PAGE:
Weight loss surgery may protect the liver

Written by By Carma Hassan, CNN Surgery to eliminate excess weight or belly fat can prevent many serious diseases, including heart disease, Type 2 diabetes and heart attack, but recent research suggests that it…

Weight loss surgery may protect the liver

Written by By Carma Hassan, CNN

Surgery to eliminate excess weight or belly fat can prevent many serious diseases, including heart disease, Type 2 diabetes and heart attack, but recent research suggests that it can also prevent complications in other parts of the body.

The so-called Lap Band, gastric bypass and other bariatric surgeries are often criticized for causing significant side effects such as joint pain, anxiety and sexual dysfunction — in some cases, even death.

But in a new study published by the journal “American Journal of Gastroenterology,” researchers found that weight loss surgery was associated with a 33% decreased risk of developing severe liver disease, as well as a 36% decrease in chance of developing fatty liver disease.

Determining which patients are most likely to develop severe liver disease is complicated. According to the study authors, a person’s underlying liver disease is usually fairly invisible, making it hard to tell whether weight loss surgery will improve liver function.

Liver disease is defined as any form of liver inflammation, necrosis, scarring, or insufficiency, which can ultimately result in death, according to the Mayo Clinic.

Similar to a burn victim

“It’s important to note that (SLS) is not the same as fat burn,” says co-author and George Washington University gastroenterologist Dr. Arash Khatibi.

“They’re very similar in that there’s damage to the organ, the liver does not work the way it should and because the organs need fatty acids to function properly, the liver tends to become enlarged. At the same time, that enlargement can cause pain and dyspepsia (a symptom related to pain).

“That’s why there are other diseases associated with this process of cirrhosis that are typically caused by tobacco use, alcohol abuse and other things, rather than due to weight gain.”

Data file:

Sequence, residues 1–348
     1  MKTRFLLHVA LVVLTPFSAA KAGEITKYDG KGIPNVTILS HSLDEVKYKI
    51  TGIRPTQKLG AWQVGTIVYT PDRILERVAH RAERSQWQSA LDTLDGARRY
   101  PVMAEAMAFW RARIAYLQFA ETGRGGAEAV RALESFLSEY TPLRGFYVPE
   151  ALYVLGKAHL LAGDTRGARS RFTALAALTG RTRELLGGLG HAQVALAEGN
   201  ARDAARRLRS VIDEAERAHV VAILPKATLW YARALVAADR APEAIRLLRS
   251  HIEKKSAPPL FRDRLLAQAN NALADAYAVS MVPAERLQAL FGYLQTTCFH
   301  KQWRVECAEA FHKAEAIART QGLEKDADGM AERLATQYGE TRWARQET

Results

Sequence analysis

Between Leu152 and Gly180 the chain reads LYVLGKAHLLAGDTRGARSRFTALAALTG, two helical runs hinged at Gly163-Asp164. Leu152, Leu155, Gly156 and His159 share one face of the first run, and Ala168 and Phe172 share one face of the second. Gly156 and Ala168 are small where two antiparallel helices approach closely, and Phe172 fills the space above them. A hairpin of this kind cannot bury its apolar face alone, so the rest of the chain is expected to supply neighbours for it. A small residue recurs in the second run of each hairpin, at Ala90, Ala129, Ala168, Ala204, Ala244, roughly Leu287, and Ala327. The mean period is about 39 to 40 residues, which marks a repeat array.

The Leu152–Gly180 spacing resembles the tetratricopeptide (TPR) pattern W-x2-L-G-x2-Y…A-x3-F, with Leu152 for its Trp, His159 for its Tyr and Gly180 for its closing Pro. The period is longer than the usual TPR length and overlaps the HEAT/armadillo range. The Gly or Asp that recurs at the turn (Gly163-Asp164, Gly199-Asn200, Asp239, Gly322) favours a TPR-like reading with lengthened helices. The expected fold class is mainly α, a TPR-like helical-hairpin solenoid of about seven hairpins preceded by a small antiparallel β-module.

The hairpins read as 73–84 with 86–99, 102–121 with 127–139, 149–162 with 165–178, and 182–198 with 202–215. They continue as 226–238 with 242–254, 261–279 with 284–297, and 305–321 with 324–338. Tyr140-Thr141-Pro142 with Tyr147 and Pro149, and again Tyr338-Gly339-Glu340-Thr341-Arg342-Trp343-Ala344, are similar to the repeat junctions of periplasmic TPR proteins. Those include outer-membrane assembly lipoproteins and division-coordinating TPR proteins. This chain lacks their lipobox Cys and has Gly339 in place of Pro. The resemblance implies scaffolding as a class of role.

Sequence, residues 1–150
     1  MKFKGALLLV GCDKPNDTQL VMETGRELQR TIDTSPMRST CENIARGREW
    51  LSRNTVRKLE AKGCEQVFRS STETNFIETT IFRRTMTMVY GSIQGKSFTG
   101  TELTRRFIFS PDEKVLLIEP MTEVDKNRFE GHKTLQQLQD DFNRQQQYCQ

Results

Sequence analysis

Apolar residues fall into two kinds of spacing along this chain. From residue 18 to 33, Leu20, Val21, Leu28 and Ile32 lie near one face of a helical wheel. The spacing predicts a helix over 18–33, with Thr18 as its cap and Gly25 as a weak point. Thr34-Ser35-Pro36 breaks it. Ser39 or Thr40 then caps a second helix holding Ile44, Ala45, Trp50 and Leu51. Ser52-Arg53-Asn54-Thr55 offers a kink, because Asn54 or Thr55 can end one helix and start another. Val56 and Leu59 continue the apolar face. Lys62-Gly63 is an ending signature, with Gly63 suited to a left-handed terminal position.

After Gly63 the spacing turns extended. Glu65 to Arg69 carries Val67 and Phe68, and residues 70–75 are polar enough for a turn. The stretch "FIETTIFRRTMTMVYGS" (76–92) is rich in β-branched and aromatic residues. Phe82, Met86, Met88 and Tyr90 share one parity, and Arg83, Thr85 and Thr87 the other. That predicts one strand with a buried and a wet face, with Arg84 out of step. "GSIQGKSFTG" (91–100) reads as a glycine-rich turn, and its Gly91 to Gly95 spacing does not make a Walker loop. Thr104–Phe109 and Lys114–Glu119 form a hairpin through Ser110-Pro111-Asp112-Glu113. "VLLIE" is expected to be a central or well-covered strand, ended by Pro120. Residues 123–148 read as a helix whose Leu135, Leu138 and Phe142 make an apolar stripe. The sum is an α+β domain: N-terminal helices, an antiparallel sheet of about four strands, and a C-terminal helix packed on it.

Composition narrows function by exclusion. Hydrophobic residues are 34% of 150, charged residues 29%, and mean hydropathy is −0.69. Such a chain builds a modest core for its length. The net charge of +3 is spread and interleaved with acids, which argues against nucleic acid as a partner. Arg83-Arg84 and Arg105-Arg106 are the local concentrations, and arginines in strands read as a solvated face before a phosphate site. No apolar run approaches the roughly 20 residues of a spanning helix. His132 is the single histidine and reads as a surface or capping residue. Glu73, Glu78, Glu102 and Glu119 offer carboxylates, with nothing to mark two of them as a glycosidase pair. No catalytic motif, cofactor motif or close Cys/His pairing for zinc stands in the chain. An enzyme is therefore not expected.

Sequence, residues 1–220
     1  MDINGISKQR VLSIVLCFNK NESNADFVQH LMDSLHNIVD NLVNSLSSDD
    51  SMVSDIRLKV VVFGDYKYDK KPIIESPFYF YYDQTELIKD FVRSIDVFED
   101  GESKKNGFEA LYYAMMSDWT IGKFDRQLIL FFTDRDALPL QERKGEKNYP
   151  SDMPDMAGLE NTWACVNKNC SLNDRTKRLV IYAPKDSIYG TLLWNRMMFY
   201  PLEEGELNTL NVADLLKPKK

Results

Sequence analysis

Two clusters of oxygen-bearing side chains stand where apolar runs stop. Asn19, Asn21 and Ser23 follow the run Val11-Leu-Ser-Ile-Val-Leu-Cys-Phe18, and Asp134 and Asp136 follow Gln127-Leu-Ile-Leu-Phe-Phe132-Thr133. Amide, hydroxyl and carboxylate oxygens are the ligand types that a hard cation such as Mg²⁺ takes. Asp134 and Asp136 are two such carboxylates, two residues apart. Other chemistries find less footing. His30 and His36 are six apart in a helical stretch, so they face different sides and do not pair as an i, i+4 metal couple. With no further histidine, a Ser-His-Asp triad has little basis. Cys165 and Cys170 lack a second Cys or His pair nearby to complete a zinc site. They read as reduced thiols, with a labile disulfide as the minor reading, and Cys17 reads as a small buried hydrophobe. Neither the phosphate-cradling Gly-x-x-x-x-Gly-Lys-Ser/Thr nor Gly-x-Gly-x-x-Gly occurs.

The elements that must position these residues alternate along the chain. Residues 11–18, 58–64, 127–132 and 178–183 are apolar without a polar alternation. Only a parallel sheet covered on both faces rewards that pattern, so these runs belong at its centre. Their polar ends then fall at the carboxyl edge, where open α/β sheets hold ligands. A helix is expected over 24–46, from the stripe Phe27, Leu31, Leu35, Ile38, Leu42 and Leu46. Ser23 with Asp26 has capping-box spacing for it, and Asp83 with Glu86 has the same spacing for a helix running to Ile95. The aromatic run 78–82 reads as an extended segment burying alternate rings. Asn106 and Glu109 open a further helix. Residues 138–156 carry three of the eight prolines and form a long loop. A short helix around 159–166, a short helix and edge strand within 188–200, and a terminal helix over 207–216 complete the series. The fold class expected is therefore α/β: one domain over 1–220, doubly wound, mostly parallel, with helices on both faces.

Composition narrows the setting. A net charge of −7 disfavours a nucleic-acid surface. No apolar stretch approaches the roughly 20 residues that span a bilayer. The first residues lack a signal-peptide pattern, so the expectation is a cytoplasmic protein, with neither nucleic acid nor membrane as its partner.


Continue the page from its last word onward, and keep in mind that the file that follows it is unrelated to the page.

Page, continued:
In the study, the researchers looked at two groups of patients: those who underwent bariatric surgery and those who did not.

In the first group, they followed between 3,075 and 4,546 people across an average of nearly three years.

The group who had weight loss surgery underwent operations that could either selectively remove large parts of the stomach, or completely reduce the stomach from the belly — roughly a 50% reduction.

These surgeries are known to cause liver injuries, sometimes to the point of death. However, their authors say that because it is very hard to precisely measure liver damage during weight loss surgery, the study was able to take an indirect approach to determining liver injury with a weight loss surgery.

In doing so, researchers used MRI to measure damage to the liver, compared to a control group of adults who did not undergo weight loss surgery. From this measurement, researchers determined a 33% decrease in risk of severe liver disease in those who had undergone weight loss surgery.

According to the study authors, because they were able to investigate how liver injury will progress after the gastric bypass, the results were almost exact, regardless of weight loss surgery method.

This, the authors say, means that the findings are likely applicable to a much larger population than initially thought.

After Lap Band, other problems

Another key finding in the study was that the eventual impact of weight loss surgery could vary depending on the patient.

A patient who has gastric bypass surgery, or other smaller-sized gastric operations, and then later has surgery to reduce their stomach size, is likely to have a worse outcome, according to the study authors.

Their analysis found that having a hysterectomy after gastric bypass surgery could even increase the risk of liver failure.

The fact that a patient who later has gastric bypass surgery has worse liver function may be linked to the surgery’s larger size, says Khatibi.

While it is important to understand the factors that have such a huge effect on this experiment, the researchers say that the results do have some limitations.

Although the study followed thousands of people across a range of pre-existing medical conditions, no prior information was given on age, ethnicity or socioeconomic background.

The authors were also not able to determine the source of the bacterial infections that were identified in the stomach in any of the patients.

Khatibi, as well as other major medical organizations, says that evidence-based guidelines on bariatric surgery should be developed to assess the risk of adverse effects — but for now, patients should continue to discuss their options with their doctors.

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